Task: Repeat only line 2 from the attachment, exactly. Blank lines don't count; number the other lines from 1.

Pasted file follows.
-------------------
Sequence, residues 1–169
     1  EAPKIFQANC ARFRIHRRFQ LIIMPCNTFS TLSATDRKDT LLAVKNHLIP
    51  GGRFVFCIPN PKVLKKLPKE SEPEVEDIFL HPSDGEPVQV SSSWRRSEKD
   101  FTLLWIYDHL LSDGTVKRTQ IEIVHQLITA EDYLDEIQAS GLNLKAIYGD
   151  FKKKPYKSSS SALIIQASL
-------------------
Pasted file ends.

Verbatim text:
     1  EAPKIFQANC ARFRIHRRFQ LIIMPCNTFS TLSATDRKDT LLAVKNHLIP